Most of what I have been saying is repeated from my chapter on “‘Administrative’ Rhetoric in Machiavelli,” in my book A Rhetoric of Motives, published in 1950. Also, the same chapter is designed to show why, once you consider The Prince from this point of view, Ernst Cassirer’s very good account of Machiavelli in his Myth of the State gets into unnecessary difficulties as regards the end of the book, which he says is a misfit with all that went before.
Nay more, he even contends that the burden of proof rests with anyone who would contend otherwise. So let’s see.
Note that two quite different kinds of consideration are implicit in Machiavelli’s “administrative rhetoric.” Primarily, there is what Malinowski would call the “context of situation.” That is, Machiavelli is always saying in effect, “Given such-and-such conditions, do such-and-such.” But is that the whole story? Suppose, for instance, that the situation calls for a cruel act; but you, dear Prince, are in your very essence an exceptionally kindly man. In that case, dear beloved Prince, either you must act out of character, in being cruel whereas you are not cruel; or if you do act in character, then you cannot carry out the cruel policy that the situation demands of you.
Or let’s turn things around. Great Prince, whom I reverence in fright, though you have been severe with us, the context of situation was such that the good of the state demanded harsh measures. And your personal temperament made you exactly the kind of ruler needed to guide us through these trying times. On the other hand, it is conceivable that a ruler so personally given to austere ways might happen to be guiding us, your loyal subjects, at a time when considerable kindness was best suited to our state’s necessities.
Thus forgive me, dear Prince, if by way of peroration, I end on talk of “Fortune.” And by “Fortune” I have in mind those almost miraculous occasions when the kind of act that is most characteristic of you as a person also fits perfectly with the kind of act that considerations of state most urgently demand. Then, lo! all fits together. The “Fortune” will be our good fortune. Thus may there arise a Princely character whose character will be such that, in being himself, he will employ exactly the kinds of persuasive-administrative policies most needed, if our suffering country is to be made free.
So much for the “burden of proof.” Allow the category of “administrative rhetoric” and everything promptly falls into place. Rule it out—and as admirable as Mr. Berlin’s essay is, it cannot quite get to the “generating principle” of Machiavelli’s tract. Incidentally, we see a quite different mode of rhetoric involved in a work such as Cicero’s De Officiis, where the civic virtues are on parade.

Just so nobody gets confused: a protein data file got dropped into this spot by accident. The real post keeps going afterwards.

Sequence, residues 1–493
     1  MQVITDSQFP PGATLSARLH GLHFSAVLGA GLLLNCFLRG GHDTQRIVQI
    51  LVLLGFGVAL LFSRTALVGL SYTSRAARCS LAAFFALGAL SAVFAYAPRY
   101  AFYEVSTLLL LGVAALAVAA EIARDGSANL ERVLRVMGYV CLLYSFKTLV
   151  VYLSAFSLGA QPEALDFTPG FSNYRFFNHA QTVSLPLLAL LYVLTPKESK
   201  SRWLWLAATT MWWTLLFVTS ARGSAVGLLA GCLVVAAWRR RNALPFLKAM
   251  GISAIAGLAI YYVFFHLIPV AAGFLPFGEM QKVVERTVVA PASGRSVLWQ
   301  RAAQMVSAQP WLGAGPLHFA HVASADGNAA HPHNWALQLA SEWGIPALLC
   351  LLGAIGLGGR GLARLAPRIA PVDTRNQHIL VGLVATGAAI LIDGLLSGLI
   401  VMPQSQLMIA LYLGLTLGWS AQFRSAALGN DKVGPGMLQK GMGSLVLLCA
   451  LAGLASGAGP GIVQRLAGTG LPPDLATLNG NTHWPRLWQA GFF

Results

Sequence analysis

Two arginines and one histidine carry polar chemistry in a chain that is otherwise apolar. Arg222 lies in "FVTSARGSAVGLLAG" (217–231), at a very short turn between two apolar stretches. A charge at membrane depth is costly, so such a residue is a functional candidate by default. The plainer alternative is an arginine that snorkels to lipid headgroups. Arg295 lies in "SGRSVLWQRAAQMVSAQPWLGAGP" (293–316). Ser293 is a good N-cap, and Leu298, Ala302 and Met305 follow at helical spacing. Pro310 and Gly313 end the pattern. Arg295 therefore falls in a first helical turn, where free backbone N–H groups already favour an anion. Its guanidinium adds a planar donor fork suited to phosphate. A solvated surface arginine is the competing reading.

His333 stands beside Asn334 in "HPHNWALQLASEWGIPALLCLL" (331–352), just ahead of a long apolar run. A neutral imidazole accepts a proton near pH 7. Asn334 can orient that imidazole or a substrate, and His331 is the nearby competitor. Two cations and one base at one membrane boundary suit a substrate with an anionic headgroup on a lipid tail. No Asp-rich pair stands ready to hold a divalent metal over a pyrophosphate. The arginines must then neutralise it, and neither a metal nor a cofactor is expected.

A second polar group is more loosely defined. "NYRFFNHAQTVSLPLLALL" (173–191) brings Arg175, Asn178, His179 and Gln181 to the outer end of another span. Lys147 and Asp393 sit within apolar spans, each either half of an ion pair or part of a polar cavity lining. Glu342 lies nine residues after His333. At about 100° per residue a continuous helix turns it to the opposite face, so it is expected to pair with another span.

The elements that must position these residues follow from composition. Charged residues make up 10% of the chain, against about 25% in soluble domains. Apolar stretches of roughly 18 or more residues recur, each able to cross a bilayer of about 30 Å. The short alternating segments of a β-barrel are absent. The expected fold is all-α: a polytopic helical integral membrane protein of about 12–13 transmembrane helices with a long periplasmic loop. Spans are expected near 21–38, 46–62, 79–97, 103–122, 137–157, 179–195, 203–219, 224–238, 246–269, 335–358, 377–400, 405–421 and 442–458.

I do not disagree with anything that Professor Kenneth Burke says in his letter and the relevant chapter of his book to which he refers. Indeed, his view of the “rhetoric” advocated by Machiavelli, and the spectrum of pressure, stretching from violence to persuasion, seems to me original, important, and true. Moreover, I think Professor Burke to be entirely right, against Cassirer, in his conception of the relationship of the last chapter of The Prince to the rest of the treatise. The purpose of my article was, however, to find an answer to a problem different from that with which Professor Burke is concerned, namely, what it is that so deeply shocked so many readers of Machiavelli, who did not react similarly to equally tough-minded sentiments in Thucydides or Aristotle or the Old Testament and later writings. My answer to it—whether it is right or wrong—does not seem to me to conflict with anything in Mr. Burke’s argument. It is directed against the interpretations of those who believe either that Machiavelli had no moral position at all, or that he allowed the possibility of creating a successful secular state founded upon, or compatible with, the institutions or basic tenets of Christianity or of the secular beliefs that derive from it, or even the possibility of the kind of compromise between these ways of life (such as has historically obtained). Machiavelli does not seem to me to hold a realistic position; but it has enough truth in it to have upset many generations of readers. This is a different thesis from Mr. Burke’s, but seems to me wholly consistent with it.